Video 3. Test track simulating block occupancies.

The LCC test track simulator worked correctly for all the different configurations tested.  LCC can be the lowest cost, most flexible and largest scalable block signal system available to model train layout hobbyists.  Later this week, grandkids permitting, I will continue the post showing videos of Train Controller working with the LCC test track simulator and TMCC.  When I return from the lake I will build Professor Chaos’s Legacy to DCS Bridge and use it with Train Controller,  This will allow the Train Controller to automate both TMCC and DCS engines.   I will also post the incremental cost per mast calculation.  My initial cost goal was $5 but the use of the RR-CirKits LCC Signal nodes raised the goal to $12 per mast. (I didn’t want to develop and test the complex signal logic. A my time versus cost decision.)


Images (12)
  • Test Track
  • ESP32 LCC Nodes
  • Block Detection
  • RR-CirKits
  • IMG_0887 (2)
  • IMG_0887 (3)
  • Componets
  • Test Track Simulator
  • IMG_0925 (2): Fig 9a. Block occupancy slide switches
  • IMG_0927 (2)
  • IMG_0928 (2)
  • IMG_0926
Videos (3)
Last edited by carl552
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Cost per Block Signal

These tables show the incremental cost of different types of block signals and track occupancy detection.  There is the over head cost of the RR-CirKits start up kit, computer, wiring, connectors and a 3D printer.  The computer and 3D printer have many other uses.  There are four block signal designs, a signal 3 aspect mast, a back to back dual 3 aspect masts, a 3 over 2 aspect mast and a 2 aspect dwarf signal.  The first table shows the incremental material cost of the four block signals.  The nominal 3 aspect block signal incremental cost is $10.72.  The 2 aspect dwarf signal incremental cost is $5.99.  The 3 aspect back to back block signals incremental cost is $19.68.  The 3 over 2 aspect block signal incremental cost is $15.51.  The occupancy detection was not included in the signal costs because it was developed for the train automation.  The incremental cost of a single occupancy detector is $0.97.  First table shows the total incremental costs of a sensor and block signals.

0001 [2)

Table 1.  The total incremental costs of the occupancy detection and block signals.

The cost breakout of each item in Table 1 is shown in Table 2.

Cost11024_1 [2)

Cost21024_1 [2)

The LCC network allows hobbyist to design and build small to large and simple to complex automated layouts with block signals.  The hobbyist can choose their cost/labor trade-offs with buying the all the components to building many themselves.


Images (3)
  • 0001 (2)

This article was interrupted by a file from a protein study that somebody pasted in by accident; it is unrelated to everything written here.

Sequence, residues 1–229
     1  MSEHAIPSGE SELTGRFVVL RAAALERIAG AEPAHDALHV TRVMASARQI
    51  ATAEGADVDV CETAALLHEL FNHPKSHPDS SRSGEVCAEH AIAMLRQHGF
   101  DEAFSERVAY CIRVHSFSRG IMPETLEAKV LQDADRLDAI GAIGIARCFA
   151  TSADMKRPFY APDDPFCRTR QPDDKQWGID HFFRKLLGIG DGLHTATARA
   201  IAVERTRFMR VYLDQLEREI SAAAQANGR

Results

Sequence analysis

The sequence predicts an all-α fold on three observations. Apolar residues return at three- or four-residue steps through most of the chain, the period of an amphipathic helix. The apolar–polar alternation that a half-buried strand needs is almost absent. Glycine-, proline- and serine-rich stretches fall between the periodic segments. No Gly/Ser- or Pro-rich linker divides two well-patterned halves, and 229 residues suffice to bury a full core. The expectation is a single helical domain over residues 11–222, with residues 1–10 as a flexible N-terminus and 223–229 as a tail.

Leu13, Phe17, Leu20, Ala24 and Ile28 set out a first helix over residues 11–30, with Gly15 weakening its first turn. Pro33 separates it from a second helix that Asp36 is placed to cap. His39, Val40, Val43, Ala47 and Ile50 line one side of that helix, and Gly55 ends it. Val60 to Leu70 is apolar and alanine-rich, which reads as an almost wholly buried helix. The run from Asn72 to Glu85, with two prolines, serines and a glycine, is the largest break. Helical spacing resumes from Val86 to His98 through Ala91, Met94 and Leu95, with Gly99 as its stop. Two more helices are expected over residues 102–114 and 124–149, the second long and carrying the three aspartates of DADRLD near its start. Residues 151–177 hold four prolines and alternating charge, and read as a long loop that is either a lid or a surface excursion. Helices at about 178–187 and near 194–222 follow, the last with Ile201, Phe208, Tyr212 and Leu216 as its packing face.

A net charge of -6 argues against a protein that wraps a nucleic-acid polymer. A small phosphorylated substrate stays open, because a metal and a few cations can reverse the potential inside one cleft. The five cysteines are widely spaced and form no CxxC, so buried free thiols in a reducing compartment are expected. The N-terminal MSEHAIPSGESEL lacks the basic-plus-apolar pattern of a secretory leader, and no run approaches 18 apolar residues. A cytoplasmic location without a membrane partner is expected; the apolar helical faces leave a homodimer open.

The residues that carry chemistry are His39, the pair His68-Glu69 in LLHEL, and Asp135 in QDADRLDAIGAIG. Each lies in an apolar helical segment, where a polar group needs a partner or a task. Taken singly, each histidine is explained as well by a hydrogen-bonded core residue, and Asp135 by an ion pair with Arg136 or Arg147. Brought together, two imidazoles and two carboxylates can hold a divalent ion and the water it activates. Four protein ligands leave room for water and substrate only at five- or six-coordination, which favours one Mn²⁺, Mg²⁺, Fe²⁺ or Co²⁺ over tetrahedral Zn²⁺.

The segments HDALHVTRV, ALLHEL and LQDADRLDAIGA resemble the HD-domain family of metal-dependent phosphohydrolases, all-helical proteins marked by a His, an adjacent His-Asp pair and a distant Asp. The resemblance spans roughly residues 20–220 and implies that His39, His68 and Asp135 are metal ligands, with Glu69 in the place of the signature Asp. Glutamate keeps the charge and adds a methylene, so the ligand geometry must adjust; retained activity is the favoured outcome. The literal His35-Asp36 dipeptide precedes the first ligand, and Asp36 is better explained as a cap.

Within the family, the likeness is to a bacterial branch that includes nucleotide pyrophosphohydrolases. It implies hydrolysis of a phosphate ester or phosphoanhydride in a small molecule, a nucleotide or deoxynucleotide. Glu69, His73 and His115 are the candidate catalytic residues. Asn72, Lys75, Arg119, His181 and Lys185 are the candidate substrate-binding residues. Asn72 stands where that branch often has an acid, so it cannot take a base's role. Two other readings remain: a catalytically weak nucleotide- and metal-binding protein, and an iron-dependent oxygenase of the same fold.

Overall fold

• Cost21024_1 (2)
  • Cost11024_1 (2)


Very interesting design, do you mind sharing some details?

Where did you get your 3D design for the signals? Can you post a picture of them? Your cost is very attractive, these are typically the highest cost component.

What does your ESP32 LCC Input & Output boards do? I assume they put the digital I/O on the LCC network. Did you write the LCC code for the ESP32? I would like to add LCC to my design but I find the documentation for implementing the code to be impossible to decipher.

Where is the ABS logic implemented? How extensive is that code?

You mention Train Controller Gold, have you started using it yet? A review of it and how well it works would be great.

Thanks for posting your progress.


I designed and 3-D printed the block signals.  Here is my post

My ESP32 LCC Input monitors 16 3.3V input lines (Mostly used to monitor and report the block detection circuits).  My ESP32 LCC Output node has 16 3.3V outputs.  (Mostly used to control 10A relays that can be used for accessories and switch motors).  I modify the mrnlite library for the I/O nodes.


The ABS logic is implemented by the rr-cirkits Signal LCC.  The signal coding in the Signal LCC is very flexible and can be simple ABS or quite complex.  There is a learning curve to using the Signal LCC.  Best to buy and read Dana Zimmerli's book on using LCC.

So far I have been impressed by Train Controller.  Dave Hikel recommended it to me.


Hello Sir I'm sorry to bother you I would like to know if this Concept can be used on O-Gauge Layouts using Lionel Fastrak? My Layout runs mainly on a Conventional Postwar system and soon will be including Legacy.

Can your Automated Block Signal System be Incorporated with my Postwar and Legacy System? Do you have a Video that explains how your System Works? If you don't have one Do you think you could make a Video showing us how this works Please.

Thank you for your time



Hi Allan,

Yes, you can use LCC with Postwar, Legacy or DCS.  It is for layout control and automation and is independent of engine control so it can be used with any system including conventional.

A big challenge is to get block detection on all of your layout.  A good discussion of block detection

There are many LCC videos on Youtube.  Most are better than what I could do.

Join and the layoutcommandcontrol group.  A good LCC discussion and help group

Hi Jonathan,

The documentation is in the sketch comments.  MRNLite only does LCC input and output so the program concept is fairly simple.  This is the path I took to understand and build LCC nodes with the ESP32.

1. I purchased and completed the ESP32 tutorial from Random Nerds Tutorials and an ESP32 development board

2. Watched several LCC videos

3.  joined and the Layoutcommandcontrol group and the openlcb group.  The openlcb group deals with the programing of the LCC nodes.

4. Buy and play with the RR-Cirkits starter kit and Signal LCC node.

5. Read Dana Zimmerli's book

6. Designed and built the LCC Input and LCC Output nodes with ESP32.  I did not want to design and build a comparable Signal LCC because of the software complexities.

7. Demonstrate my LCC Input and Output nodes working with rr-cirkits startup kit and Signal LCC node.

The DipTrace PCB design files for the ESP32 Input and Output nodes are attached.


LCC ET Node18v5 - LCC Input Node

AccessoryAC16v4 - LCC Output Node